A mysterious team called ROC is currently in the top 10 on the Olympic medal table. Meanwhile, Russia hasn’t won any medals in Japan yet. Could these two facts be connected?
We’ll give the game away on this one straight away – ROC stands for Russian Olympic Committee, and is, in effect, Russia. The athletes in the team are treating it like they’re competing for Russia, the Russian government is celebrating their achievements as Russia winning medals, and it’s safe to say the distinction is mostly irrelevant to their opponents.
So why is Russia not at the Olympics?
Russia as a country has been banned from competing at a range of major international sporting events over a state-sponsored doping programme that ran for many years. While we might assume that over the years many Olympic competitors have been drug cheats, this was on a different level. Former World Anti-Doping Agency (WADA) president Dick Pound described it as “institutionalised, government-organised cheating on a wide scale across a whole range of sports in a country”.
If Russia is banned, then what are Russian athletes doing competing for a Russian team?
The compromise came after WADA’s decision was appealed to the Court of Arbitration for Sport, who lessened the punishment. Effectively, the CAS decision paved the way for this workaround. It’s not without precedent for athletes from banned countries to still compete. Kuwaiti athletes were involved at Rio 2016 after the Kuwait Olympic Committee was suspended for “government interference”, over a piece of legislation passed by the Kuwaiti government.
Were the Russians really any worse than other countries?
There’s an element of proving a negative here – only the drug cheats that get caught get exposed. But rather a lot of Russians have ended up being caught. Russia has had far more medals stripped for doping than any other country, and the key element of it all was the “state-sponsored” bit. Elements of the Russian government were deeply embedded in it. It is perhaps also a notable detail that the ROC is targeting 40-50 medals at the Tokyo Games, when the tally was 60 at Beijing in 2008, 68 at London 2012, and 56 in Rio in 2016. There’s always a bit of variation in medal tallies, but it does appear expectations have been revised downwards somewhat.
How deep did this scandal go?
Even in the murky world of professional sport, the levels of corruption were shocking. It was reported that the FSB – Russia’s security service, formerly called the KGB – was involved, particularly in the physical swapping of tainted samples for clean samples to beat drug tests.
It also stretched beyond Russia’s borders. Last year, former International Association of Athletics Federations president Lianne Diack was convicted by a French court of taking bribes to cover up Russian doping. He was found to have got millions of dollars out of it.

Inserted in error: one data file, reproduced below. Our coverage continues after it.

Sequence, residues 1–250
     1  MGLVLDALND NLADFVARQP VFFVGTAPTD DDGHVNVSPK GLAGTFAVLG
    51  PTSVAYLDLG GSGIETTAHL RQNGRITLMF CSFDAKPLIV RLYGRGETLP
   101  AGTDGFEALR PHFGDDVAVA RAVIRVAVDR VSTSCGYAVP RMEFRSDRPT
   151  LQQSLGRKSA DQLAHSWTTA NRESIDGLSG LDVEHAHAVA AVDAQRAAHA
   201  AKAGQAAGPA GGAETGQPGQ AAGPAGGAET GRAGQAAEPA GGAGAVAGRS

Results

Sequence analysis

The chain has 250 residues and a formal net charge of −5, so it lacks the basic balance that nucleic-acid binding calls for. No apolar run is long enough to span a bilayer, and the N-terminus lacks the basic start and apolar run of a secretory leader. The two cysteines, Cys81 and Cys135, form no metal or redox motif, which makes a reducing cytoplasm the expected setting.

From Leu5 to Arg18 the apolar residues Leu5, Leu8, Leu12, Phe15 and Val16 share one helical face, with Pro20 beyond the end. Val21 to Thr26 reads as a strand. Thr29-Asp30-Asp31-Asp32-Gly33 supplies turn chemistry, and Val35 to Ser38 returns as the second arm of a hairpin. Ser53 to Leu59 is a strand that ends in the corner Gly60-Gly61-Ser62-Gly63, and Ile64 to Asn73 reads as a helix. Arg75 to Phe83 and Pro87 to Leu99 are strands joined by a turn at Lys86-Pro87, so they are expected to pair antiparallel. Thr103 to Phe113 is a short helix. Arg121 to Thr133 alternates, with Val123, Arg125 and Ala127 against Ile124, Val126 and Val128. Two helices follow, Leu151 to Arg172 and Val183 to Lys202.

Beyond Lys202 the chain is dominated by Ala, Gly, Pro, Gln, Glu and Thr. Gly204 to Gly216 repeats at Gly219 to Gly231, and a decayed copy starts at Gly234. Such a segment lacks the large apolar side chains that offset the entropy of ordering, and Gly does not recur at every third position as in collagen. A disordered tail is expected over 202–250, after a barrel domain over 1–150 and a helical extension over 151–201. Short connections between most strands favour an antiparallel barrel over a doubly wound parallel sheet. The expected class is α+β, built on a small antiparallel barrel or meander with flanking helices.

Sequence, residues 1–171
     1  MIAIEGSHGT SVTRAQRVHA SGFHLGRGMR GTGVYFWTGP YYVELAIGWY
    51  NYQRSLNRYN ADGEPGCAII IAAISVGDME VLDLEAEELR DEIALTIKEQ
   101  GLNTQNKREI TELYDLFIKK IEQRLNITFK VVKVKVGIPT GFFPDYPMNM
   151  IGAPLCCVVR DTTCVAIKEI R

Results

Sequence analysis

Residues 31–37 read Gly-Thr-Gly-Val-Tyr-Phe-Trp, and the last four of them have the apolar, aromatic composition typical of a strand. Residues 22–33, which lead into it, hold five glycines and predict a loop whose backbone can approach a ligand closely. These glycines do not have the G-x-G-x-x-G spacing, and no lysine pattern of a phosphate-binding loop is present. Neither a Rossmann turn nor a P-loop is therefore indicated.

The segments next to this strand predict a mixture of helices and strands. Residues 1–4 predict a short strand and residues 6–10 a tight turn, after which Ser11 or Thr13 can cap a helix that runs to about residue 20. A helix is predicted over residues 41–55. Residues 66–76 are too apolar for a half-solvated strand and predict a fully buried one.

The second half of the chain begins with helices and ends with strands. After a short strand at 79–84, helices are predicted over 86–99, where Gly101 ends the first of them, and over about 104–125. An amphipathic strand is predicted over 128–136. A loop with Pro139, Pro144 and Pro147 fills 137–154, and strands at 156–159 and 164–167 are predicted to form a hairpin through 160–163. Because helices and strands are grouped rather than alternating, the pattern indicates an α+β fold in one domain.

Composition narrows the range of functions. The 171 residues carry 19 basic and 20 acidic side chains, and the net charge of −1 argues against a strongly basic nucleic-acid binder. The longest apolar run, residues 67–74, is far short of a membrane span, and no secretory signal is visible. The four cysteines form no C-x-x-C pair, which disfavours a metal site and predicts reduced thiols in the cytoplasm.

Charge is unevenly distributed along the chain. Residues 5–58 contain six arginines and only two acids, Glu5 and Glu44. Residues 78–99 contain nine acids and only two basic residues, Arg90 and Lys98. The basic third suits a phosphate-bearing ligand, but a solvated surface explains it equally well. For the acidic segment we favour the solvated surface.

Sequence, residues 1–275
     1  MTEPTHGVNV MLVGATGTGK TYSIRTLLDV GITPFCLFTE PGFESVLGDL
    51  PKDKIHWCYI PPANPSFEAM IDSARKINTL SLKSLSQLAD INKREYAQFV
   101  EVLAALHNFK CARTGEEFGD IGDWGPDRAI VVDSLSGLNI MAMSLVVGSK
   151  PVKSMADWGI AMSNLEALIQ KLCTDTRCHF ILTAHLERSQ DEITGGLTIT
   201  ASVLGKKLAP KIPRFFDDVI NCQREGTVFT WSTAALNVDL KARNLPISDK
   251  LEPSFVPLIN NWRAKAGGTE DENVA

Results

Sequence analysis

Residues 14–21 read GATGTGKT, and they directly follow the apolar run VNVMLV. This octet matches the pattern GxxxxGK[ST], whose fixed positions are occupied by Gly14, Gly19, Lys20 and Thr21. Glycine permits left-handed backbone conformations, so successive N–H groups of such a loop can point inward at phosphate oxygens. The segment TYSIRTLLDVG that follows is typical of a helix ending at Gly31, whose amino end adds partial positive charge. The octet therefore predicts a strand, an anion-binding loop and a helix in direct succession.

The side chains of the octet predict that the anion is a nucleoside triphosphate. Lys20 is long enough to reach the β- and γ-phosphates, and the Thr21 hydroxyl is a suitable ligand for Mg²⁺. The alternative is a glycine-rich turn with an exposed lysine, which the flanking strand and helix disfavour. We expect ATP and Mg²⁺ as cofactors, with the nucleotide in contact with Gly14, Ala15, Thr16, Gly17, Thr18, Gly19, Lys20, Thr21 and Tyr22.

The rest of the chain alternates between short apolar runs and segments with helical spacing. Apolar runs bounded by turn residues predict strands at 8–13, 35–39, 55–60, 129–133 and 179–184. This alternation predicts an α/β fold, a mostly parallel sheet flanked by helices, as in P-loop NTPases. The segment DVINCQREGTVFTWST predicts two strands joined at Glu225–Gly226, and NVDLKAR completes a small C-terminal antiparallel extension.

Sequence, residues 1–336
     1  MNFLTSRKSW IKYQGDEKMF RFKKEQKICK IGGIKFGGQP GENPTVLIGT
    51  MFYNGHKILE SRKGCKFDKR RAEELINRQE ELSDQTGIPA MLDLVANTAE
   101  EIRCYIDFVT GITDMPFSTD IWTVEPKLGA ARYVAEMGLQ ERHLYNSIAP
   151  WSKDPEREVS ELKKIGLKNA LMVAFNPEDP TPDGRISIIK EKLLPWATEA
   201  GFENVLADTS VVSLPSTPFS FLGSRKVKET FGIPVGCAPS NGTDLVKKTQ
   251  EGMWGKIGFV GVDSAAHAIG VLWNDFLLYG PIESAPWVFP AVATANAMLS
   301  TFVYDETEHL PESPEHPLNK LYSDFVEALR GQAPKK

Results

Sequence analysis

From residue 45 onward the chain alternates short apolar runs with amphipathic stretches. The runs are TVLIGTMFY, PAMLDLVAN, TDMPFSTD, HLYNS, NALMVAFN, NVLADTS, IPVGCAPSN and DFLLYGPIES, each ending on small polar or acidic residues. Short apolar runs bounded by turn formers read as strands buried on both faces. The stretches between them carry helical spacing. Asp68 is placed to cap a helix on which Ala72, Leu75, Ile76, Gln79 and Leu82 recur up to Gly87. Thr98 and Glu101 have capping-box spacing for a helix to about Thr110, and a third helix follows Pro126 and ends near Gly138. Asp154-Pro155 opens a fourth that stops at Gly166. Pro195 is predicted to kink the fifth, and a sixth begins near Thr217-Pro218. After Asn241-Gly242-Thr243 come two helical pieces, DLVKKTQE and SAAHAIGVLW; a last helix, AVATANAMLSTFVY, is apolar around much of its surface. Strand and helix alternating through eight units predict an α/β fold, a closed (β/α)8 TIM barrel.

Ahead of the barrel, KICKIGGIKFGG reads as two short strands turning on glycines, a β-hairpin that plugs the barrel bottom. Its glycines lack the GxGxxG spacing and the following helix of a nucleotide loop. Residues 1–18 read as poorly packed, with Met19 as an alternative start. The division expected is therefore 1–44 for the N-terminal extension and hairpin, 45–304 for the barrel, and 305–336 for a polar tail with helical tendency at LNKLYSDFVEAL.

How is the ROC seen by Russia now?
Within the country, there has been anger at the ban, but pride in the athletes competing under the ROC banner. Reuters reported president Vladimir Putin hosted an event at the Kremlin for the athletes, saying “all of Russia will be cheering for you. I wish you great victories, and an honourable and fair competition”. In that same article, synchronised swimmer Svetlana Romashina was quoted as saying “the most important thing is that Russian fans and fans from all over the world know which country we represent”. The state media outlet Russia Today has also been describing winners simply as “Russian” athletes, seemingly unbothered by the distinction between the country and the Olympic committee.
During the Olympics, ROC athletes will be competing in the colours of the Russian flag – however, the national anthem will not be played when they win medals. Instead, winners will be serenaded by 19th century Russian composer Tchaikovsky’s Piano Concerto No. 1, a tune that absolutely bangs.
Is ROC the same as EOR?
No – the EOR is a team for refugee athletes. It comes from the French Équipe Olympique des Réfugiés. These are athletes who are stateless, rather than athletes who can’t compete under the banner of their state.
Does the ROC workaround make a farce of the ban and consequences for the widespread cheating?
That sort of depends on whether the remaining athletes are in fact clean. Russia provisionally suspended two rowers before the games started for testing positive for meldonium, which was heavily used in the state-sponsored programme. So perhaps the ROC really is doing what it can to clean up doping in sport.
And by the same token, we’re overwhelmingly likely to see drug cheats get caught at this Olympics from other countries too. A report on The Economist included an estimation that as many as 40% of those competing in Tokyo could be cheating in some way. Better, stronger, faster and all that.